WASHINGTON (Reuters) - The new H1N1 swine flu virus has infected 286 people in 36 U.S. states and it is likely to spread to every state, the U.S. Centers for Disease Control and Prevention reported on Monday.
Most cases remain mild, but 35 people have been hospitalized, the CDC's acting director, Dr. Richard Besser, told a news conference. A toddler who died in Texas last week remains the only death in the United States so far.
In Mexico, officials say they hope cases there will continue to decline, but it was clear the outbreak of the never-before-seen strain of influenza was spreading elsewhere.
Besser said the virus was so clearly everywhere that the CDC might step down its recommendations to test people so that state and federal health officials could spend their limited time and resources elsewhere.
"We are seeing over 700 probable cases in a total of 44 states," Besser said. So far, 99 percent of probable cases have, upon further testing, turned out to be the new H1N1 strain, Besser said.
"This likely represents an underestimation of the total number of cases across the United States," Besser added, because most people with flu-like symptoms -- fever, aching muscles and cough -- are not even getting tested.
Besser said the CDC was even reconsidering the strategy of closing schools where cases turn up. More than 500 U.S. schools have been closed because of outbreaks.
Schools are closed to protect children, and to keep children from spreading an infection in the community. But this virus is looking to be as mild as seasonal flu, which rarely kills children.
"It appears that the virus is already pretty well-established in those communities," Besser said. "So we are looking at the school closure guidance."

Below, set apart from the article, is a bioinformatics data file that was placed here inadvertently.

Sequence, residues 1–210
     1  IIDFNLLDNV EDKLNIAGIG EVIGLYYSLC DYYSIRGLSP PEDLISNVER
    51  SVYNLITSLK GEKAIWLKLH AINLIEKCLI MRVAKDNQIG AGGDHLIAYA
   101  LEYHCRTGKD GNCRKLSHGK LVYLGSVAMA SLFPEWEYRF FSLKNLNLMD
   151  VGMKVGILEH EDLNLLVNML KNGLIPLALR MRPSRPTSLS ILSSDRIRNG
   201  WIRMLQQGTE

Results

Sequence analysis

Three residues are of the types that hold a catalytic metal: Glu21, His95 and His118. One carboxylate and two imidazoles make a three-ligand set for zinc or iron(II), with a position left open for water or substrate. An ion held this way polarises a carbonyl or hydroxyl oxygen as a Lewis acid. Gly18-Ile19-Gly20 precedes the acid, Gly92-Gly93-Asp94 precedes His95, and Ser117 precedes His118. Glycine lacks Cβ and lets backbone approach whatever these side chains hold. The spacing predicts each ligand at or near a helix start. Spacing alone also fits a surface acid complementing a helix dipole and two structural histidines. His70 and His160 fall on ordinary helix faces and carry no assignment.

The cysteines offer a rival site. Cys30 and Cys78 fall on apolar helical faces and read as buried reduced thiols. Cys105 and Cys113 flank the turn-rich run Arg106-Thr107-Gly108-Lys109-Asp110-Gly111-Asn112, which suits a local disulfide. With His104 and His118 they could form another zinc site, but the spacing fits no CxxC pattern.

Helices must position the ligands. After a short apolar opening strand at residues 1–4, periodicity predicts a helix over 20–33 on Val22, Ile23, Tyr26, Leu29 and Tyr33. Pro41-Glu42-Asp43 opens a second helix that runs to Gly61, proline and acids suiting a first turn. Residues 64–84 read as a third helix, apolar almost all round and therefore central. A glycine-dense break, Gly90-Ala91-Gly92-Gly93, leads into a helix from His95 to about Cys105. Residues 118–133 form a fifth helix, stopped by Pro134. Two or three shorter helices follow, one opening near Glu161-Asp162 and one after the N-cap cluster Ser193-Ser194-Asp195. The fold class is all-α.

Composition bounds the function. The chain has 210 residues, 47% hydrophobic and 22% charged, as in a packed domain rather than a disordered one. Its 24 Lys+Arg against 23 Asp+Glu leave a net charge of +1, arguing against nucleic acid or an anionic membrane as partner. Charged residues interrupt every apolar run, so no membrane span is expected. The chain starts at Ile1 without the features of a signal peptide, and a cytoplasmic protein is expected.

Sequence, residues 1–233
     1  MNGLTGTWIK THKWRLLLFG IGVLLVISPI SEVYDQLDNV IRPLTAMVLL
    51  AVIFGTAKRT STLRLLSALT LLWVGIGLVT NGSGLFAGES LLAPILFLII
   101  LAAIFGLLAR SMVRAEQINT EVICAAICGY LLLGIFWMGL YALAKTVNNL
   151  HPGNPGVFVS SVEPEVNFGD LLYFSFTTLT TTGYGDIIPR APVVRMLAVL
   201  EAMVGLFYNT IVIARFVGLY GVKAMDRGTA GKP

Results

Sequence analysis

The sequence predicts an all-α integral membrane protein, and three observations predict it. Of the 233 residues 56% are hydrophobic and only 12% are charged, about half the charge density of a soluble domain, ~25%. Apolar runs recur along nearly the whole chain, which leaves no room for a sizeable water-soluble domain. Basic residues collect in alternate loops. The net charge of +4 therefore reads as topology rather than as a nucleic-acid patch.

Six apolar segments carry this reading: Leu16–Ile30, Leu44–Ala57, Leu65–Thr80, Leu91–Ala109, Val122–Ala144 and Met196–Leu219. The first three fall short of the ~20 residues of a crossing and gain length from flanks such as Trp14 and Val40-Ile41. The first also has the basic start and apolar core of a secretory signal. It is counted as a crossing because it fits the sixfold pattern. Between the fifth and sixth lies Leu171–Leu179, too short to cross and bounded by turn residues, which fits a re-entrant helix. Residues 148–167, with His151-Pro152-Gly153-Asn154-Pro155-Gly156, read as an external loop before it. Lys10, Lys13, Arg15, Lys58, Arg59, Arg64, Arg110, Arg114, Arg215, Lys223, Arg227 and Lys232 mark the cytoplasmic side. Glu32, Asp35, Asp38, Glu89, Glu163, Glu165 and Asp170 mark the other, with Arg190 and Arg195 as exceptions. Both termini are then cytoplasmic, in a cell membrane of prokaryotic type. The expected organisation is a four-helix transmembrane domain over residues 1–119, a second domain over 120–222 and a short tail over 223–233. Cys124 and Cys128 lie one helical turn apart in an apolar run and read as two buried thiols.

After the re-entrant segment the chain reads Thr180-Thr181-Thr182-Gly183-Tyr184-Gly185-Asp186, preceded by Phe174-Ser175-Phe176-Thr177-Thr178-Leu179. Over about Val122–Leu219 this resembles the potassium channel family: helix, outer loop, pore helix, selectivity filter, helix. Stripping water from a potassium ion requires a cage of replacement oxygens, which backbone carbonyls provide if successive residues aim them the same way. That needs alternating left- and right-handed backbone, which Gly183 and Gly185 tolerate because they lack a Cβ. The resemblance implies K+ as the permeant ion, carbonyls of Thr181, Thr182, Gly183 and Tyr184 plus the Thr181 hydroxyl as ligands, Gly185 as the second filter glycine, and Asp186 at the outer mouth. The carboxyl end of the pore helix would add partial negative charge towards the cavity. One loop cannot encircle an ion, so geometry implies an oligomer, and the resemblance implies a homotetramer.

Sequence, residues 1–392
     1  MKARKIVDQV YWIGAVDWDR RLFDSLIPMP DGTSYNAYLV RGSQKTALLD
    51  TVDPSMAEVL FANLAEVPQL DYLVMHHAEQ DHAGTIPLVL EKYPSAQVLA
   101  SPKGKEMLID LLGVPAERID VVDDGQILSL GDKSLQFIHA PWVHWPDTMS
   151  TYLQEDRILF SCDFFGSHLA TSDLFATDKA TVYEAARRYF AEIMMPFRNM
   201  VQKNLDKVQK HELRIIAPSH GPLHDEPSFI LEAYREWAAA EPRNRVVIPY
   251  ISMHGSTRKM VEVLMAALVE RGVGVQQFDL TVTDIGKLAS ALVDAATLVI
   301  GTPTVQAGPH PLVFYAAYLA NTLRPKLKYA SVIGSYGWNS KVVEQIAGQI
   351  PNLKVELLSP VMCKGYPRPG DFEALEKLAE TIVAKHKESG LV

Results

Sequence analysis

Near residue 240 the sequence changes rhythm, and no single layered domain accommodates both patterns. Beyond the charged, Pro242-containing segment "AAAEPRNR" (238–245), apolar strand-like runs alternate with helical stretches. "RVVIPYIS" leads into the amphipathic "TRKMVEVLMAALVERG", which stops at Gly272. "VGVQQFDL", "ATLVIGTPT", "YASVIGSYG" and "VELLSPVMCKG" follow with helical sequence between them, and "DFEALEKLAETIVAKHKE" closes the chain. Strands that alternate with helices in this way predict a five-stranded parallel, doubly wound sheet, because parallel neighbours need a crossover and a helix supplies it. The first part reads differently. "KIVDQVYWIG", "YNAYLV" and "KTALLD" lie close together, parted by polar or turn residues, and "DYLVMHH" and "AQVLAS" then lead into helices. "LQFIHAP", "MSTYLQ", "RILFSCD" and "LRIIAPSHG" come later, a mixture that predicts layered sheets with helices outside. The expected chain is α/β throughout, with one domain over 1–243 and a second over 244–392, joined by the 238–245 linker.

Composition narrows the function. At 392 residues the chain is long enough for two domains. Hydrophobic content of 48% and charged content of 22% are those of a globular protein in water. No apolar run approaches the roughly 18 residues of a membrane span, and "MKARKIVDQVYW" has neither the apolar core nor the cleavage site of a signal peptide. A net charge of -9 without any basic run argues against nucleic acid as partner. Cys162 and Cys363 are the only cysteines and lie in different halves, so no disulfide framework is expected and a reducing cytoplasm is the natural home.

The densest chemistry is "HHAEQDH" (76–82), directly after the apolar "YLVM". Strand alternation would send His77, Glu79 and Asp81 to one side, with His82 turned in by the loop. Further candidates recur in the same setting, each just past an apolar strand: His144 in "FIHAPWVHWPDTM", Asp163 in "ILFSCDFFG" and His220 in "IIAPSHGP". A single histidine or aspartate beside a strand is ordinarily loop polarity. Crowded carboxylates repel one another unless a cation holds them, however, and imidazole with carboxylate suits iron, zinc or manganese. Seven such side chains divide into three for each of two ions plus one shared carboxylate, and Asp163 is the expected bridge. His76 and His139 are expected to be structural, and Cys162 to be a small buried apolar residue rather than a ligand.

That does not mean the virus is harmless, he noted. Seasonal flu infects an estimated 30 million Americans every year, about 10 percent of the population, kills 36,000 and puts 200,000 into the hospital.
"People are hospitalized and die every year with seasonal flu," Besser said. The new virus has killed people in Mexico and will likely kill people in other countries, he said.
California closed all 33 of its state prisons and six juvenile detention centers to routine visitors and other "non-essential activities" until further notice after an adult inmate at a prison in Southern California was diagnosed with a probable case of the H1N1 flu virus.
Besser said he was pleased at how well-prepared state and local officials were for the outbreak -- a result of years of planning for pandemic influenza and other disasters that started with the 2001 anthrax attacks, accelerated when H5N1 avian influenza re-emerged in 2003 and kicked into high gear when the response to Hurricane Katrina in 2005 was so poor.
Experts repeated fears that the virus must be watched because it could come back worse when temperatures start to cool, as happened with the 1918 flu pandemic.
"I think specifically we're viewing this incidence, this flu outbreak as a possible precursor to a subsequent outbreak in the fall," Homeland Security Secretary Janet Napolitano told reporters later.
(With additional reporting by Steve Gorman and Toby Zakaria)